five minutes, the ball was continually In the Capilano goal-mouth.
Play at first wa. even, with the
Vanity back., strange to each other,
a little uncertain. Capilano took advantage of thi. and McManu. scored
the opening goal of the game for
Capilano. Vanity carried the ball
to the other end of the' field, end
Capilano had a lucky escape from
Laurie Todd's corner, and again from
a drive by Munday. They continued
on the attack for several minutes,
but lost a number of chances through
weak finishing. After three corners,
one of which Kozoolin narrowly
missed, the ball went to the Varsity
end. It returned quickly, and on a
play from centre, Dave Todd accepted a pass from Odie Munday to score
the equalizer. It was a terrific drive
which gave the goalie no chance.
Continuing on the attack, Varsity
took the lead on another goal by
Dave Todd. For some time the play
remained in centre-field, uritil Capilano began to press hard. They narrowly missed two goals, McDougall
clearing once, and the ball going
wide the second time, with Wright
out of goal. Varsity returned to the
attack for Kozoolin to fire in a hard
shot which went for a corner. Not
to be denied, he converted Vollans'
kick to give the blue and gold a
three to one lead. Half-time found
Varsity still attacking.
Varsity kicked off to start the second half, and scored within half a
minute on a beautiful play from
centre. Odie Mundie added this one
on a pass from Laurie Todd. End
to end play continued for a while,
the Todd wing being the centre of
the Varsity attack. Capilano finally
assumed the upper hand, and gave
the defense a hot time. In a scrim
mage in front of goal, a penalty was
given for tripping, Kozoolin being
the offender. This was converted by
Cook, giving Capilano their second
goal and ending the scoring for the
day. Varsity now took complete
charge, and for the last five minutes
rained shot after shot on the Capilano goal. The necessary punch
was backing, however, and the Blue
and Gold boys had to content there-
selves with a 4-2 verdict.
Outstanding on the Varsity eleven ... -.        „      _  . „
..    .Jr. . .     -_. .     ..   «     brand of soccer. They all seemed to
were the half-back., Costain, Kozoo-I^ m good conAmn ^d played well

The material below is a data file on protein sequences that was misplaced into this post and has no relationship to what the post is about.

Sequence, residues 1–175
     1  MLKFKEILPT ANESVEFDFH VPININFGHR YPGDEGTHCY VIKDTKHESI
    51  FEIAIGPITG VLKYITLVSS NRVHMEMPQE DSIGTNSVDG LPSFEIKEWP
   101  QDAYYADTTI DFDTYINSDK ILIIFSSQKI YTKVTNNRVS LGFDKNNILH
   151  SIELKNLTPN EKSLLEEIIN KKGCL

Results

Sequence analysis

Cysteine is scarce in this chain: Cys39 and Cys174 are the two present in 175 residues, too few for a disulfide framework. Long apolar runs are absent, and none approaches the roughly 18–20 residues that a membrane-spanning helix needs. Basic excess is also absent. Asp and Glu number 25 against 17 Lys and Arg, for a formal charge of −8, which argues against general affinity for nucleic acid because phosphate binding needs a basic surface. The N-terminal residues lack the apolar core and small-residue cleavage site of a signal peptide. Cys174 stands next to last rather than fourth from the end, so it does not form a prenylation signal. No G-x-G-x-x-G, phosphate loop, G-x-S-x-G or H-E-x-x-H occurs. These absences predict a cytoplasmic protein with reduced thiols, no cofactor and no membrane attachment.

Junior Soccerites
Drop Close Battle
To Burnaby Squad
Varsity Junior Soccer team bowed to
Burnaby Juniors to the tune of 1-0 at
the Upper Playing field last Saturday.
The students were forced to play ten
men throukhout the entire game owing to the non-appearance of Fred
Chu. In spite of this serious handicap
the U.B.C. squad played courageous
ly, holding their opponents scoreless
for over an hour and threatening the
Burnaby goal time and again.
The play, especlaly In the last half,
was first at one end of the field and
then at the other. However, the defence of both teams was sound, the
ful backs clearing in great style. The
only goal of the match was scored by
Blount, Burnaby left half, from a
distance of twenty yards. It was a
low hard drive which slipped under
the Varsity goalie as he fell.
For Varsity every man fought a
hard fight, BUI Roper, Pete Frattinger and Hughie Smith, all of last
year's team, being especially noticeable, Ralph Fletcher, also of last
year's Juniors and Don Atwater, a
newcomer, both dished  up a  good
SPORT  SUMMARY
ENG. RUGBY
Millar Cup
Varsity 3; Ex-Tech. 0.
U.B.C. 0; Occasional. 6.
Second Division:
Vanity 0; Rowing Club 0.
Third Division:
Frosh 3; Normals 3.
CANADIAN RUGBY-
Big Four:
Vanity 1; V.A.C. 13.
Senior City:
Vanity 5; V.A.C. 8.
SOCCER-
Second Division:
Vanity 4; Capilano 2.
Junior Alliance:
Vanity 0; Burnaby Jn. 1.
«♦
Occasional
Clash With
Collegians
All follower, of the English Rugby
code are looking forward with interest (and not a little speculation) to
the Occasional.-Var.ity game to be
played Monday next, October 12.
President Clarke of the Rugby
Club thinks his boys will give the
older team plenty of opposition. It
will be a true test of what happens
when grad meets undergrad. Clarke's
Judgment seems to be well founded
as the grads had a tough time in
turning back the U. B. C. by a 6-0
count. When the next game is played
the blue and gold will be represented
by a sort of all-Mar team, a. both
senior squads will be drawn upon
for the match. No one knows just
who will secure the coveted positions
and as a result the boys are putting
all they've got into their workouts.
Early morning practises are in order
now and everyone is going so well
that Capt. Nixon will certainly have
his work cut out for him wh«n he
comes down to the final selection of
the team.
The Occasionals, however, aru just
as confident that they can turn bdek
their ex-classmates. Names that
roeak Vanity history can bu seen
in their lineup. Everyona remembers, for instance, Phil Willis, the
boy who has played against every
outstanding team that has visited